Post from old website dated 02/07/2019.

What practices can you see in your environment? Are they rigid or flexible? Do they support or hinder learning for children? For example, are they structured or play-based learning, closed or open-ended, teacher-directed or child lead and child-focused, restricted or endless possibilities of learning


Examples in Practice

Look at the following two examples, what do you see in practice in your room or at your service when completing creative experiences?

Example 1

Enter the room with closed-ended experiences and you see a wall that has 20 octopus stencils coloured in. Envisage a parent coming in and saying “Tommy which one is yours?” Tommy points to one and as he runs off mum says “That is great Tommy” Mum starts worrying internally about Tommy’s abilities as she doesn’t think his looks as good as everyone else’s. (I cringe as I recall practices I have seen where educators literally holding wrists and saying “Mummy wants you to do one” (Mummy is now seen negatively)  Adults creating this environment because they believe it’s about the product and doesn’t understand about the importance of the process or that creative, thinking and problem-solving skills don’t just happen in doing ’art’.

Example 2 

Then enter another room Educator says to colleagues I noticed yesterday that Sally enjoyed drawing flowers and talking about how she planted them with her Nanny on the weekend. I decided to pick some flowers from my garden to invite Sally to draw if she likes. Dad comes in and sees the different pictures on the wall and Sally takes Dad over to the wall and proudly shows him her drawing of the flowers she drew today. She initiates a conversation with her father about the different names of the flowers she drew today and then recalling the ones she planted with Nanny.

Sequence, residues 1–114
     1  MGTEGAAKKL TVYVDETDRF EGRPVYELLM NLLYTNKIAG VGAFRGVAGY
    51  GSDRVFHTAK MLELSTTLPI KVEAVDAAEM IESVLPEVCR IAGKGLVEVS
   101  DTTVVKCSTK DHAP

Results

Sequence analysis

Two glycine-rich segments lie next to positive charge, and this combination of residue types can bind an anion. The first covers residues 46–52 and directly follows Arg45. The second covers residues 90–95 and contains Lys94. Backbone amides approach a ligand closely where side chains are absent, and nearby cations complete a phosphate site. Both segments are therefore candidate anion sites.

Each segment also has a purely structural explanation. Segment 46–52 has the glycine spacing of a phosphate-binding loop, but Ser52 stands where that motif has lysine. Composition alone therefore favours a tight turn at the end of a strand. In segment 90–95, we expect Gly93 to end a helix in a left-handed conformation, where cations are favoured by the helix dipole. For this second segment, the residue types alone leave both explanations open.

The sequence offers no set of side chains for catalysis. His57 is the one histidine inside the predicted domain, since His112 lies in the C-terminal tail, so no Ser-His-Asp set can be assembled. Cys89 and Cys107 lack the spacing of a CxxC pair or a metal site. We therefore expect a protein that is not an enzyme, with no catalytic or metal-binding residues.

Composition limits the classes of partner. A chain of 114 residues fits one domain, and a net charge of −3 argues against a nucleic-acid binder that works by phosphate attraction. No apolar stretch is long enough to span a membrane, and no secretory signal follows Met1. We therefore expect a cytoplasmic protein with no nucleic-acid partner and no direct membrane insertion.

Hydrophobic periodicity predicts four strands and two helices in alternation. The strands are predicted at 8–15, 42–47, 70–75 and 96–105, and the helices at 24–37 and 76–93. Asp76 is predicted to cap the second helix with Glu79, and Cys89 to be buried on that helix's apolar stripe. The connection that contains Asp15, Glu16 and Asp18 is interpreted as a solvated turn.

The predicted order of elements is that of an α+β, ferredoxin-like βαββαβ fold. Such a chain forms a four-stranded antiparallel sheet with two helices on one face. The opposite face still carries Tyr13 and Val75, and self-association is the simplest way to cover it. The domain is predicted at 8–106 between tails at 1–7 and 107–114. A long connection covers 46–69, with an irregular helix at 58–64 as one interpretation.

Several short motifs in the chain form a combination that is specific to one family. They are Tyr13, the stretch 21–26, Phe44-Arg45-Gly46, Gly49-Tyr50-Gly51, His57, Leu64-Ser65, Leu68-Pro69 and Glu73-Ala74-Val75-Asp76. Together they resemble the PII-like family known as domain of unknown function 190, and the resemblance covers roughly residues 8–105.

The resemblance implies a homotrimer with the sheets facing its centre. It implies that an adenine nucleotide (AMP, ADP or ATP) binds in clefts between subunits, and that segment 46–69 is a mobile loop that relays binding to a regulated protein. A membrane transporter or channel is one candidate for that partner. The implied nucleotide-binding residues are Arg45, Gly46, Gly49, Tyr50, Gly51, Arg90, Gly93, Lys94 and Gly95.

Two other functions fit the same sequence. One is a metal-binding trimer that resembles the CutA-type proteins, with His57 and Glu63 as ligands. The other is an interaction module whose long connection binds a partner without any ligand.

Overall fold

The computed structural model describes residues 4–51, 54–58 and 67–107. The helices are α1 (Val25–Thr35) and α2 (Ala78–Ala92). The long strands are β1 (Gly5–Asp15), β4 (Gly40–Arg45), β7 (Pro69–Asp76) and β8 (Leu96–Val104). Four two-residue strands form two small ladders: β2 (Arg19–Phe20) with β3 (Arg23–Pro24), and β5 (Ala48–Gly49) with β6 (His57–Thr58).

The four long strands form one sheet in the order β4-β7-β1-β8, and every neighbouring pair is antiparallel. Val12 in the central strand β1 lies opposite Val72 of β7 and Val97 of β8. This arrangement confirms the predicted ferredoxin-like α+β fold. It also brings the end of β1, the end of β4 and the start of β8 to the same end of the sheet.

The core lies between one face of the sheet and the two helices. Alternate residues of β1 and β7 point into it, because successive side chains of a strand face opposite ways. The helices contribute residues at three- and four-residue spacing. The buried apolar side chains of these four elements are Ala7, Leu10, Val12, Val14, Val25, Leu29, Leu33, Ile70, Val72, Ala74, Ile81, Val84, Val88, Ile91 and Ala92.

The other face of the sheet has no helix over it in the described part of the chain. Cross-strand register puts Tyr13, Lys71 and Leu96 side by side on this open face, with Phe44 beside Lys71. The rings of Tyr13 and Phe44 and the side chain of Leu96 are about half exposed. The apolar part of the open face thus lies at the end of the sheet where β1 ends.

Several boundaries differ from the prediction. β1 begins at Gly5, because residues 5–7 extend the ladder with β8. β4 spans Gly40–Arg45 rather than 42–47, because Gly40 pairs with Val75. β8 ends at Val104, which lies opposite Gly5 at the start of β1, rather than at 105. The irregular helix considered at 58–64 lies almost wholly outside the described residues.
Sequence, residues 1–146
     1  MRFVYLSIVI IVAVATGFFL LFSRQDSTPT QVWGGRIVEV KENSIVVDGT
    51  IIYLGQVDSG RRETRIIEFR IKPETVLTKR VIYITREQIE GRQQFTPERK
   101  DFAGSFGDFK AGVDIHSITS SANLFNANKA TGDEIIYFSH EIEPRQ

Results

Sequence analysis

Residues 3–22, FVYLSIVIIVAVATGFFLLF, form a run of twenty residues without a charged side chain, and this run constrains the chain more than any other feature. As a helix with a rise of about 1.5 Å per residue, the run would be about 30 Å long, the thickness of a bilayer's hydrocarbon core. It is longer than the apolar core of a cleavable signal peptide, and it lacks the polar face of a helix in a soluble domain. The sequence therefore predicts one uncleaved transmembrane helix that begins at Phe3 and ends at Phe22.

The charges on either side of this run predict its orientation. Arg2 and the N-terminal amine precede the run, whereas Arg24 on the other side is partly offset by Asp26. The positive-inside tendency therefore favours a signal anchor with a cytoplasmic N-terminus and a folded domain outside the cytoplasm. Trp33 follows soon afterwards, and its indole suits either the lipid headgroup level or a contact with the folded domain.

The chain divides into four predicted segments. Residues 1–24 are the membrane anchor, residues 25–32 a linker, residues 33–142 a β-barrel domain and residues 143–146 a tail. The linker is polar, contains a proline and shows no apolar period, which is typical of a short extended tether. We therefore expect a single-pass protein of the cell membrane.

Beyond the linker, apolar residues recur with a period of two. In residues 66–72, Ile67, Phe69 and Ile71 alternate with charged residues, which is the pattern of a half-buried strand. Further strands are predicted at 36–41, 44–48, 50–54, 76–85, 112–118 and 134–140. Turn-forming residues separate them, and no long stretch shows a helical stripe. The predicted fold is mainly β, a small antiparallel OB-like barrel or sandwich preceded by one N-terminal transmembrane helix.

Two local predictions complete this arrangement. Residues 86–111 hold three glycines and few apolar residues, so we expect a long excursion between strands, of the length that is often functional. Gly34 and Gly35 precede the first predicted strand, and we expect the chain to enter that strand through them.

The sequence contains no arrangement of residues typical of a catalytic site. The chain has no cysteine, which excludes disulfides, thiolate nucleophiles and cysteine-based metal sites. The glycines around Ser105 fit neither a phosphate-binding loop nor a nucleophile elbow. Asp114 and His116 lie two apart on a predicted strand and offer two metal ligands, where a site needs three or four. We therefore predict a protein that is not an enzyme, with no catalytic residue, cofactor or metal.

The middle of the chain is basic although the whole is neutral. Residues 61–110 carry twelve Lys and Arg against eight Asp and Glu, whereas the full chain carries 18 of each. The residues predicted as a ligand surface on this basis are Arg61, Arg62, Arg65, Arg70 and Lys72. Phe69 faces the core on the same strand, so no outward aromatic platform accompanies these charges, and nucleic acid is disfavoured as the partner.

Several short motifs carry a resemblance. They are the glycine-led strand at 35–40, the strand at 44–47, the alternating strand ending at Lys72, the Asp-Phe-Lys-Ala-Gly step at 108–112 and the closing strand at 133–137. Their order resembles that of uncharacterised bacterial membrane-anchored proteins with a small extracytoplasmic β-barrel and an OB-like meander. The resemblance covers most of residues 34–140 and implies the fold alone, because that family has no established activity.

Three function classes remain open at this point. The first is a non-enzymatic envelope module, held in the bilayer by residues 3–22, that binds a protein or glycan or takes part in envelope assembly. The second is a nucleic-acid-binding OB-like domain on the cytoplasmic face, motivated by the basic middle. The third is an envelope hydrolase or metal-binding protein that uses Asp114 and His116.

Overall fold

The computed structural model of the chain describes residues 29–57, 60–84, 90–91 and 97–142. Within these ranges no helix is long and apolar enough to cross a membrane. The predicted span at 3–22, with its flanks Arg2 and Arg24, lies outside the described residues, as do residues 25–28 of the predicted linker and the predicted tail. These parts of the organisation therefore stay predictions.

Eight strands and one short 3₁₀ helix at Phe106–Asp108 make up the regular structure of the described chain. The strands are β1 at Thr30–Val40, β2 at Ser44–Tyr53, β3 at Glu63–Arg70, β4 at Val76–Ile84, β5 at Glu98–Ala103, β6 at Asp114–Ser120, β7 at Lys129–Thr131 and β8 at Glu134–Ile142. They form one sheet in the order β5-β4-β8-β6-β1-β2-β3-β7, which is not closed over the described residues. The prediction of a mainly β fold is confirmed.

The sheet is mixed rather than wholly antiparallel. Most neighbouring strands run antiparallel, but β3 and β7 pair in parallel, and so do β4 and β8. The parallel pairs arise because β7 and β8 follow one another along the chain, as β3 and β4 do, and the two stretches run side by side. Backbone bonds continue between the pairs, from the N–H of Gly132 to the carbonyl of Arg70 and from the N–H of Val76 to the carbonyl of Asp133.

There are different reasons why people may create structured creative environments which may include;

  • Their image of a teacher based on how they learned and it worked for them
  • Not open to new ways
  • Misunderstand intentional teaching
  • No current in new theories and research of how children learn,, what strategies and environment support and enhance learning
  • Believe that children learn best through being told what to do
  • They believe it is a better way for children to learn to follow directions.
  • Believe the teacher is the sponge and the child is the tap and they will soak up the knowledge. (Of which most of the water drains out)
  • Being creatures of habit, that don’t feel comfortable with change
  • Culture practices—they learned this way from their teacher and look at them now there are fine.